There is scarcely anything a Western Christian will resist more than the pointing out of communal sin. To acknowledge communal sin cuts against the fierce individualism of Western cultural thought; to think that I am tied up in sins of my society that I may have never consciously chosen or that I may be unconsciously committing suggests I do not direct my own destiny. This is a terrifying thought, for the rugged individuality of the self is core to a Westerner’s very identity. But we must ask ourselves, as Christians, if we are reading the Bible through the lens of Western American thought. Certainly, there are Bible passages which point to the individual aspects of sin and righteousness and faith and unbelief. For example,
Parents are not to be put to death for their children, nor children put to death for their parents; each will die for their own sin.–Deuteronomy 24:16 NIV
This verse has parallels in Jeremiah 31:30 and Ezekiel 18:19-20.
However, throughout the Old Testament, we also see the communal mindset of the culture of the Bible, and the sense of the communal nature of sin and righteousness.
We see the Old Testament prophets constantly point to problems in society, to communal sin (sin that members of a society join together cooperatively in committing through omission or commission–for example, the sin of abortion or of uneven standards of justice in the justice system). We see the prophets constantly call whole societies to repentance. Jews in the Old Testament, similar to many cultures around the world, were geared to think communally. That’s why the Pentateuch (despite the verse from Deuteronomy cited above) so often shows through its laws that sin affects the community–not just the individual–adversely. Societies and communities are called to account for sin and experienced communal judgment. This was true of the Canaanites, of Achan’s family, of the idolatrous Israelites.To Western ears, this sometimes seems overly harsh; we cringe when we read stories of entire families or cities or civilizations bearing the weight of God’s judgment on sin. Yet, we must remember these accounts occurred before the coming of Jesus. The coming of Jesus does not negate the communal impact of sin, but it means grace is possible, grace that can empower us to bring a beginning of restoration to community–a foretaste of the ultimate restoration to come in the new heavens and new earth.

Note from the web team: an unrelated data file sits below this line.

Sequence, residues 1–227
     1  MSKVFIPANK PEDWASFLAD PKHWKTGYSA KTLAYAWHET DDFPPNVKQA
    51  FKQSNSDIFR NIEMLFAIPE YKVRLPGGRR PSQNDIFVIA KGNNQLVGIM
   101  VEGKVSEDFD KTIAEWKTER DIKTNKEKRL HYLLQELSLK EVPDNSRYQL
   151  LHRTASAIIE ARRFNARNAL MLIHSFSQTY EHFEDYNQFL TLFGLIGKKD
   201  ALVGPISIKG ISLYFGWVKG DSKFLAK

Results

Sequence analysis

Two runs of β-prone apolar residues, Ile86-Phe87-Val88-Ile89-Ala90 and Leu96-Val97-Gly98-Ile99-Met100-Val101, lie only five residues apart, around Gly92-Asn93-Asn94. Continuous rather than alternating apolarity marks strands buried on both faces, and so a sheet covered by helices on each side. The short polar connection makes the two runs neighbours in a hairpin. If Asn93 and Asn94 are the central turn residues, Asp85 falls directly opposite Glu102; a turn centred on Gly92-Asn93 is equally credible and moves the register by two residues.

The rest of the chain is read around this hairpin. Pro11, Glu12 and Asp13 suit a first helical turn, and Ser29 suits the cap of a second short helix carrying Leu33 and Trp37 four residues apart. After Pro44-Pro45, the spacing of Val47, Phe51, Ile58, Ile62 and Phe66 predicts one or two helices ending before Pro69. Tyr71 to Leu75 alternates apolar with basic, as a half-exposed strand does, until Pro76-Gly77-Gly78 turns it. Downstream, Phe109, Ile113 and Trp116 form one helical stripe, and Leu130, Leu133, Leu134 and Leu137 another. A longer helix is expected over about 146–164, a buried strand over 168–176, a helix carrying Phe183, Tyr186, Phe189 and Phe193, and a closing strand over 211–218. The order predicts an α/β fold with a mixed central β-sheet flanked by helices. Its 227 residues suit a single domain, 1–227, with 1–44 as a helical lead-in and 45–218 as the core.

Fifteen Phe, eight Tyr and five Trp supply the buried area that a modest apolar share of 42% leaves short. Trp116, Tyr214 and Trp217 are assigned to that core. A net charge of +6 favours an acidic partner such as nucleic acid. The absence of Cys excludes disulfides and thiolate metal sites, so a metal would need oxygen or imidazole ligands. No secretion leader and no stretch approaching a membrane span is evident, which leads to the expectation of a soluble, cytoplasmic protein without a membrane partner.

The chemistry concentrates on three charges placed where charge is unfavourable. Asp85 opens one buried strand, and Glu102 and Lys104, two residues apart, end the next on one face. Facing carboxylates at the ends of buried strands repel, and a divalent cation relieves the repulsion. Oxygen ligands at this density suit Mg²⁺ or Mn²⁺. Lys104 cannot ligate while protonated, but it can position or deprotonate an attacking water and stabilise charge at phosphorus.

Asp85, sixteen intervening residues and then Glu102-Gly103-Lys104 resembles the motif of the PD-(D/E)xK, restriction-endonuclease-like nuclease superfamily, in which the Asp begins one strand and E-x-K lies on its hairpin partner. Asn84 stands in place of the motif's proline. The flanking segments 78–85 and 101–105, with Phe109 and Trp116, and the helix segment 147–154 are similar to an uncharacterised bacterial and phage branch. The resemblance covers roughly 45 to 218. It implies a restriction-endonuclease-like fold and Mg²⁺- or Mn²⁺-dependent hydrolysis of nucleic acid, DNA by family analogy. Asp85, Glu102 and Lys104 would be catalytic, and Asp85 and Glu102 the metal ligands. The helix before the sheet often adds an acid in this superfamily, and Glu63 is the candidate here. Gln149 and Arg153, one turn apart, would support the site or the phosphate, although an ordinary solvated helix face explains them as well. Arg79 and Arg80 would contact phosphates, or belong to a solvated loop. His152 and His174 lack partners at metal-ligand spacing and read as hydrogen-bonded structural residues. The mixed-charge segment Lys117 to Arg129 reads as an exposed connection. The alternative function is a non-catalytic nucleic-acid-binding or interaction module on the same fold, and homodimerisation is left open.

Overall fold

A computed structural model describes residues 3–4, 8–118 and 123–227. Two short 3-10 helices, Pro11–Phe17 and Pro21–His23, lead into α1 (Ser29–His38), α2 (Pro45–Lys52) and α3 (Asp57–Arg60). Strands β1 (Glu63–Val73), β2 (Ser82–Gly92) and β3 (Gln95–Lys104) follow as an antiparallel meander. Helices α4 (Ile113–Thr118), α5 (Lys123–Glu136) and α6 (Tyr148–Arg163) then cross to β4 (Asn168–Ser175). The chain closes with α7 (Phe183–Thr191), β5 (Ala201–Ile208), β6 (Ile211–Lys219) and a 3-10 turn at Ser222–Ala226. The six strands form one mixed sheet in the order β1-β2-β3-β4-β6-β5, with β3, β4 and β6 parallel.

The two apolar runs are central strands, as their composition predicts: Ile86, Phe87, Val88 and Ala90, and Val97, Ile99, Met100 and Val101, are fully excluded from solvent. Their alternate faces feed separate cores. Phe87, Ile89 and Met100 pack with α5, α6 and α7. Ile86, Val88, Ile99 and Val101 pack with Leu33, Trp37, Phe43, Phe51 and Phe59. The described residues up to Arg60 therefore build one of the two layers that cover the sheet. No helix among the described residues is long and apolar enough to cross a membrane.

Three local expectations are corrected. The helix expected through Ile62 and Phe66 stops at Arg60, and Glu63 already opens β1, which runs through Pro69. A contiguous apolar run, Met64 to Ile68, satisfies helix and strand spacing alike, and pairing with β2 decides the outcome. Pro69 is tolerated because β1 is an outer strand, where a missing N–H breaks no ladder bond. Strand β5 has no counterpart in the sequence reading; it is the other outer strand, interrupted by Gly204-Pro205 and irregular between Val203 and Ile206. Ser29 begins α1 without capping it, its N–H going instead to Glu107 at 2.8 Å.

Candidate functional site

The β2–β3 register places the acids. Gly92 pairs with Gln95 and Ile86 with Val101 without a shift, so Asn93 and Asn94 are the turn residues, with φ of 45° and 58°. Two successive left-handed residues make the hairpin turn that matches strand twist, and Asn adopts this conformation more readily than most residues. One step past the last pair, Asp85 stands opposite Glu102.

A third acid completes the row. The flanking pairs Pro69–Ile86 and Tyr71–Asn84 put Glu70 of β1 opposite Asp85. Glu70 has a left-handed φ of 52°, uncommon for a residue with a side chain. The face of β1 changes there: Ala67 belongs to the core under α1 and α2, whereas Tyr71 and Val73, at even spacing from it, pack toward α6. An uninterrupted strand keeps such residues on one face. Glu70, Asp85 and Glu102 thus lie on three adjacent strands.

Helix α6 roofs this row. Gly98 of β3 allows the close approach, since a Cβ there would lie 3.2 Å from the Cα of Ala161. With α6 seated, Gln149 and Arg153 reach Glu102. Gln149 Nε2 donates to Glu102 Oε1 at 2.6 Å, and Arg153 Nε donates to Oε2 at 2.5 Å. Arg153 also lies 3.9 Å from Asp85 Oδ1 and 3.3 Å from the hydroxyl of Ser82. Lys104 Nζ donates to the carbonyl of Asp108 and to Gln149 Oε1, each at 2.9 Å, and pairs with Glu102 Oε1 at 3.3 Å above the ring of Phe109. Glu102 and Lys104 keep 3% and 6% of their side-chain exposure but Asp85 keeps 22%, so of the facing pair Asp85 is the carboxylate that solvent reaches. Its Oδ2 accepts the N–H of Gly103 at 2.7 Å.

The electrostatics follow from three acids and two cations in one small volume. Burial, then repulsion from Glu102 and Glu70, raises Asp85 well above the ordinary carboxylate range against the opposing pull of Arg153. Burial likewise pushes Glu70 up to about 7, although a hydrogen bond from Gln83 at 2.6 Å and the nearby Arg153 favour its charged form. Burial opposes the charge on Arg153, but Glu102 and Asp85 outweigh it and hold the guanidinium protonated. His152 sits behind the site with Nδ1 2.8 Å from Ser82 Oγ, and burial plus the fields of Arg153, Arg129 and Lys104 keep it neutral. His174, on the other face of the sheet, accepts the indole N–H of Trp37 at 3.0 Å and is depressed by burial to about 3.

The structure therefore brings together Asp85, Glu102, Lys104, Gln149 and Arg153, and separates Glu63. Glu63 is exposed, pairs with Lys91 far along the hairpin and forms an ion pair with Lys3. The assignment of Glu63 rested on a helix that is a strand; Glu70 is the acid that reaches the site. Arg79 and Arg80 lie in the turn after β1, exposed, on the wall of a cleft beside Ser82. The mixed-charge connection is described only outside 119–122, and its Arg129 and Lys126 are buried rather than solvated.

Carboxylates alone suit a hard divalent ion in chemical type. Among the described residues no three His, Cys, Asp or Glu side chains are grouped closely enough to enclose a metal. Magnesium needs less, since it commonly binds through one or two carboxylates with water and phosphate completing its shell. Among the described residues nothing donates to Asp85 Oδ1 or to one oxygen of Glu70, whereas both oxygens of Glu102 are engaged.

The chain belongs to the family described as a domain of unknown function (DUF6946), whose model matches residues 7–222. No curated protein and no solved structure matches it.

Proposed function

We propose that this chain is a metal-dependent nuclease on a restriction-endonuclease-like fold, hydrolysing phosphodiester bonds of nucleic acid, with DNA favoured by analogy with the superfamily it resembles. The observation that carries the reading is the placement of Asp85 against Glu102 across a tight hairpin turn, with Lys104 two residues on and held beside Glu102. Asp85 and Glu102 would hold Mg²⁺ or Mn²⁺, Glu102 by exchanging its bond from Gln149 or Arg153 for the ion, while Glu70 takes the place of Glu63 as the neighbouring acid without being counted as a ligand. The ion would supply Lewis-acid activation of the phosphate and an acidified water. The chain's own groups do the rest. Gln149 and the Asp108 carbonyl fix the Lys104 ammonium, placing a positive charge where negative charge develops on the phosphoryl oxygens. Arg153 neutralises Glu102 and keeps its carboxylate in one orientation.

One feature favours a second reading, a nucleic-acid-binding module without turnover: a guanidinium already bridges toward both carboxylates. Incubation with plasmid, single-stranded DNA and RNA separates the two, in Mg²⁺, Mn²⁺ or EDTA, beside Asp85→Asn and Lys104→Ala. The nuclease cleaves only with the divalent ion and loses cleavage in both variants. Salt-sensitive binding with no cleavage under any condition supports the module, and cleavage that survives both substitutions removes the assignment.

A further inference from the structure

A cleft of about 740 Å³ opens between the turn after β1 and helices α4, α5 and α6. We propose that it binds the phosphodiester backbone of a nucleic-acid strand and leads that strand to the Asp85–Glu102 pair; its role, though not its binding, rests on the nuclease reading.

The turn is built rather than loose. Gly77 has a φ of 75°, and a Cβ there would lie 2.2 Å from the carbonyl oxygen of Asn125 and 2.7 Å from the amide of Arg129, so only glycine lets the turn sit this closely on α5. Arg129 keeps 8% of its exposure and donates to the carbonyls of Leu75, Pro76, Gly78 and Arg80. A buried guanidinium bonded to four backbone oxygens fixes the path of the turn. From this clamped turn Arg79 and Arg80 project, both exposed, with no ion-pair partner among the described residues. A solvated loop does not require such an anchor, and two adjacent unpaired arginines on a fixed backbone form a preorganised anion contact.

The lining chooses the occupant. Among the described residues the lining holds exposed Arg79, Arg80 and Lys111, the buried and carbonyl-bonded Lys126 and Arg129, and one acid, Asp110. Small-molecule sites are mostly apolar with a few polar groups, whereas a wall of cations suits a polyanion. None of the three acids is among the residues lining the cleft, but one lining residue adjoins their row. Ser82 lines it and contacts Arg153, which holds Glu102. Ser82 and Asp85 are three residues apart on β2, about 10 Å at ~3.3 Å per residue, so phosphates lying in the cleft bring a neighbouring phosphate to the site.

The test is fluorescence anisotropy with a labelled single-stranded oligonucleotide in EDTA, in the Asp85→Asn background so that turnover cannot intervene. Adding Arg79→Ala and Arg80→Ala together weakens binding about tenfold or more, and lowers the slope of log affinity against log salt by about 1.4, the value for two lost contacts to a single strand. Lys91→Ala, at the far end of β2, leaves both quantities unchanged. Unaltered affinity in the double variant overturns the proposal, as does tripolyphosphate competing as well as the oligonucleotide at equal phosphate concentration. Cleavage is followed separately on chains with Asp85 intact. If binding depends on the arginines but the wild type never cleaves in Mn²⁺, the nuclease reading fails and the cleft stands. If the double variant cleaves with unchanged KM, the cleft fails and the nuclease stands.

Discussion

In order to argue that only individual sin matters, we have to ignore wide swaths of the Bible. A wiser, more biblical course of action is to acknowledge that the Bible talks about both individual and communal sin. And we as believers in the one true God are to repent from both forms of sin.
There are those that might argue that the Old Testament focuses on communal sin, while the New Testament focuses on individual sin. I think to do so is to read the New Testament through Western eyes. And it is also to ignore the purpose of God’s judgments in the Old Testament, judgments that are often so hard to swallow today. God’s judgments against families, cities, and civilizations came about precisely to show us that sin has an impact on and consequences for our neighbors, communally. They also came about to show us that whole groups of people can collude in sin, either through omission or commission. While Western thought would show us that only our individual actions matter, biblical thought reminds us that our communal actions and their communal consequences matter as well.
In the next section, I will provide several examples from the Bible that deal with the communal nature of sin. There are many more, but for the purposes of this post, I will just focus on three.